I’ve just had to apologise to my peers for breaking the build (thankfully not something that happens often). I encountered an interesting situation where writeable files don’t show as such (a build script had ‘got latest’ but left files writeable). I then made some changes and performed an incomplete checkin as half of the changed items weren’t checked out. Visual Studio interestingly showed all of the files as ‘locked’ even though they were writeable. VS2003 used to detect that and give you a different type of ‘tick’ to show the file was writeable but not checked out (I think 🙂 ).
‘Silly boy’ – I hear you cry – yes I should have done a get latest before checking in (but didn’t – my bad). This does highlight however the Source Control settings available in the Tools–>Options dialog. We enforce Checkin comments (through a VSS Addin) and so for safety (knowing what VS2005 is doing with VSS) it’s always worth ensuring the following are enforced:
- Prompt before checkout
- Prompt before checkin (to allow comments)
- Don’t allow editing of checked-in items
- Checked-in item behaviour
- On Save – prompt for checkout
- On Edit – prompt for checkout
I’d changed some of these items in the past week but some had reverted to previous settings (a little concerning!!).
Anyway – it’s all good – the build passed and I’m a little wiser about what options to tick in future.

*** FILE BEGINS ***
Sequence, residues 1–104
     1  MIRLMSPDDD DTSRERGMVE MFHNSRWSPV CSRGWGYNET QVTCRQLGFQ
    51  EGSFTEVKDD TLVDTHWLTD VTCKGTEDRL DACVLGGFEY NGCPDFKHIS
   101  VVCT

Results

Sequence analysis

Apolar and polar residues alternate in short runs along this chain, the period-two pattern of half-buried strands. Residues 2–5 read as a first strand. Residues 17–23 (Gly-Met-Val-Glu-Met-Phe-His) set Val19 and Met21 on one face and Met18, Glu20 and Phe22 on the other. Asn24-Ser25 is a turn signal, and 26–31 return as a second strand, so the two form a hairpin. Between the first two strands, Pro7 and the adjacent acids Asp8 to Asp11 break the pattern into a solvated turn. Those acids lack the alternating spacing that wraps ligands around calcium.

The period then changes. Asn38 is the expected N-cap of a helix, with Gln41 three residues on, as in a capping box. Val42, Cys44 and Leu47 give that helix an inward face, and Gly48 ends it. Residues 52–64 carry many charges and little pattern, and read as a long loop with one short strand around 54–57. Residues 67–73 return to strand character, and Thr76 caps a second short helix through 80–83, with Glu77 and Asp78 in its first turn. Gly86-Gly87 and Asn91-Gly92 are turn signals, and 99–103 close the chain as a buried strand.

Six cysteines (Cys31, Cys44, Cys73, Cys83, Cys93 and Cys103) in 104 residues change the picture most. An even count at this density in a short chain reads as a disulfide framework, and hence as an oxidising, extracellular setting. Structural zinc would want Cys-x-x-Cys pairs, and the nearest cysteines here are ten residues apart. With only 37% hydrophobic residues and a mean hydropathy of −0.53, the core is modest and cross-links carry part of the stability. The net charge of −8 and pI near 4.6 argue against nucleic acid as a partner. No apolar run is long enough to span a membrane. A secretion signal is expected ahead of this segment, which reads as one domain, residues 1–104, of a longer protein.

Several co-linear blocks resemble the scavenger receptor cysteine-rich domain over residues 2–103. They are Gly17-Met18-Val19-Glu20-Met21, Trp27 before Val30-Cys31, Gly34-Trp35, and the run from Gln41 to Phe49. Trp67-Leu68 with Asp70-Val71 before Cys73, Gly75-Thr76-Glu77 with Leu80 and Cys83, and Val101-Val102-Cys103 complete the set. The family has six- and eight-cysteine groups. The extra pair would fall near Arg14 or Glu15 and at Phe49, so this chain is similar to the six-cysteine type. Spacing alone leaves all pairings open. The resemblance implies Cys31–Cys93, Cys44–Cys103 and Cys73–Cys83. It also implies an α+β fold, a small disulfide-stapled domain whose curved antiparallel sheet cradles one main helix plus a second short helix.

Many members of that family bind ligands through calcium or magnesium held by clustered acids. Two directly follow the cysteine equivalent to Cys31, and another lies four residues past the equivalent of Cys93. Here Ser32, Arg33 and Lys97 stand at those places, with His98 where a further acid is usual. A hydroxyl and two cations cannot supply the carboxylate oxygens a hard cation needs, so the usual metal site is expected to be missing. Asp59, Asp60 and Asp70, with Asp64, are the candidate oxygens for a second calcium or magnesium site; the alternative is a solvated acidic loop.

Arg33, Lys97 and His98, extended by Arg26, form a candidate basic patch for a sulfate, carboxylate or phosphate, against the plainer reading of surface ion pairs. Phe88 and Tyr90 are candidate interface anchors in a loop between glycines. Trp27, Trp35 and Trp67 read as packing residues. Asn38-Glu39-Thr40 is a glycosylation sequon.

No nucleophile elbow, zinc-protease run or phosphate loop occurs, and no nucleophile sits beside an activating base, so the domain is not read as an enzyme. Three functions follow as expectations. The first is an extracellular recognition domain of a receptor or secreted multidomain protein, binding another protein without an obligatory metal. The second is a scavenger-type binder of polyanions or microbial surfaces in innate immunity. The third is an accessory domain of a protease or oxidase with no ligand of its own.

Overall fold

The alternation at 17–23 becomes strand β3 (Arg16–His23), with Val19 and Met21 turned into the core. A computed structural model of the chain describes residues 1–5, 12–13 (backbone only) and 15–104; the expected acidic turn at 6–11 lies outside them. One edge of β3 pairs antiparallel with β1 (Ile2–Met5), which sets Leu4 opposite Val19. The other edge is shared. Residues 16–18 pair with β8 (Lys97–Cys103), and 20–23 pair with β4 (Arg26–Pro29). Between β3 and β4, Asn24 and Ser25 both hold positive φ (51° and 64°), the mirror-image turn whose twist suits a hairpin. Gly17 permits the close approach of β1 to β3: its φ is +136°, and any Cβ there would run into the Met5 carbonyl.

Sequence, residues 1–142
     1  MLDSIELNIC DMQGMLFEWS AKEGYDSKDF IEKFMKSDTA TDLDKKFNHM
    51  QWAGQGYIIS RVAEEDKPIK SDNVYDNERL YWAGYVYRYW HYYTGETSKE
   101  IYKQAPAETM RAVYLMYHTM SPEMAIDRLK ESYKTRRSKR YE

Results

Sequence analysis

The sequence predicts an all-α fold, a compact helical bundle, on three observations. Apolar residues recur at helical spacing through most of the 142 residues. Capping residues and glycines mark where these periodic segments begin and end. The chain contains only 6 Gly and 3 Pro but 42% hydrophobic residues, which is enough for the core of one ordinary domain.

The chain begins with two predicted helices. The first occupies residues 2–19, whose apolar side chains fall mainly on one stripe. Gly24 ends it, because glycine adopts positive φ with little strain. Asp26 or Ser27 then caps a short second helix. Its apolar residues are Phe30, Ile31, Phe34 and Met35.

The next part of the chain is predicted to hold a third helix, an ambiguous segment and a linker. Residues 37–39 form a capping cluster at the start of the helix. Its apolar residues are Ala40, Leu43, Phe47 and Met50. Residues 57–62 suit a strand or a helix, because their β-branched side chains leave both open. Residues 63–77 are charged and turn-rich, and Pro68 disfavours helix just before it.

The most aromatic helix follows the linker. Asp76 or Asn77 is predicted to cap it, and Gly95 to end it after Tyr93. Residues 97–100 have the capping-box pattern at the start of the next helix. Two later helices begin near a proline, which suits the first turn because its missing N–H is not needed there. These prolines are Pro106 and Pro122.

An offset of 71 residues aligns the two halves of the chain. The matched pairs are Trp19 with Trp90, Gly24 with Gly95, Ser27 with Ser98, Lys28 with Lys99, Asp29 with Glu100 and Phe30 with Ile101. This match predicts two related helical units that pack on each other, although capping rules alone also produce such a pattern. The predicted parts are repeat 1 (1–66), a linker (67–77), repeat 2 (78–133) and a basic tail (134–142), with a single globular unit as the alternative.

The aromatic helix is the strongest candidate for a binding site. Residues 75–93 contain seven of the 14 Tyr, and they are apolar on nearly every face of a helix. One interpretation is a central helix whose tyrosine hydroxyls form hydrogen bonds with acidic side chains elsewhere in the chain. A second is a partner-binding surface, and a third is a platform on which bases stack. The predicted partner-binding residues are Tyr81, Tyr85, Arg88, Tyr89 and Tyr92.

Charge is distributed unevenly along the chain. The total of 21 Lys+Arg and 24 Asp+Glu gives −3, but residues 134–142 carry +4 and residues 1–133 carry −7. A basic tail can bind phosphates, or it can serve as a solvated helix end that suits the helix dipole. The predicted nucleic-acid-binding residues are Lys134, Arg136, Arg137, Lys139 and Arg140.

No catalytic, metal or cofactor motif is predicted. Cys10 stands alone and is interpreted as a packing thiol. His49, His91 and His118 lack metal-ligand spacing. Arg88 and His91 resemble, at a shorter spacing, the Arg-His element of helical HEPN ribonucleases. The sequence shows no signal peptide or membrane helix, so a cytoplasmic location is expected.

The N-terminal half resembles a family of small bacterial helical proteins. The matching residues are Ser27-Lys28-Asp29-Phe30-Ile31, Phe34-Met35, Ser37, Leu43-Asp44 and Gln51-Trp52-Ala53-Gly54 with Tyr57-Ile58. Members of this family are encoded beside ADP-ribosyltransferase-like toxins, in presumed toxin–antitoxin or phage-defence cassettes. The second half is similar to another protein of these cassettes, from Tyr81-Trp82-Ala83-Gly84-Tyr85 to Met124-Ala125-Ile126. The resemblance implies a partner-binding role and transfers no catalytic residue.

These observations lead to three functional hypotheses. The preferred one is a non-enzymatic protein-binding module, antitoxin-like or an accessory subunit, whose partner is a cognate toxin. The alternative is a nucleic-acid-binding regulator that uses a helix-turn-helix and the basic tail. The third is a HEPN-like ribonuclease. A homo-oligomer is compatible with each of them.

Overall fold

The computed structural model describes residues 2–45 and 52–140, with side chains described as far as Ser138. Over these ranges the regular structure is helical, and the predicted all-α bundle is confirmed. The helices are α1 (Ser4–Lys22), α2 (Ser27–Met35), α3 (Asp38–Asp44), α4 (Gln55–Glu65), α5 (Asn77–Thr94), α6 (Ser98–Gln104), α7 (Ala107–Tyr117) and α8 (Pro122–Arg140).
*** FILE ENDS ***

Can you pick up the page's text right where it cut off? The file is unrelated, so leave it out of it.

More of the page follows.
I was inadvertently responsible for a broken build this morning as I checked out a Setup Project last night in Visual Studio 2003 that ended up checking out a merge module that was included in the Setup. This merge module is built and subsequently stored in SourceSafe (I know – it shouldn’t be! – this is a temporary measure) by the build script, and the build failed as the .msm output file was checked out to me.
Shouldn’t Visual Studio prompt you when you check out?
The project was checked out in Visual Studio and it gave no warning that the .msm was also going to be checked out.
In other setup projects you’ll often find that other files will appear in the Check Out dialog (i.e. you’re about to check out all the ‘files‘ that have been explicitly included into your setup – from their source location). As a matter of course it’s wise to first untick everything (right at the top), and then select only the .vdproj file to actually check out.
Why didn’t it prompt in this case?
The problem in this case appears to be that the offender is a merge module and was added to the setup project as such rather than as an included ‘file’. It seems that Visual Studio neglects to mention merge modules when you check out as it probably thinks they’re static and not something it should worry you about! (which is probably true – yadayadayada)
How to prevent this happening to you
Well, while this file is still in VSS there’s little option but to just be vigilant whenever you check out a setup project that includes it. Either check out in VSS Explorer or if in Visual Studio -go immediately to VSS and undo the offending checkout. Another option is to add some more resilience into the build and somehow force an undo-checkout (as no one other than the build should be updating the file). A variation of this is to disallow checkout for all but the user running the build process through SourceSafe Admin (but this is a pain to administer), and the final and best solution is to remove the need to store the merge module in Source Control by sorting out cross-dependencies in different components so that they all pick the file up from the same central location.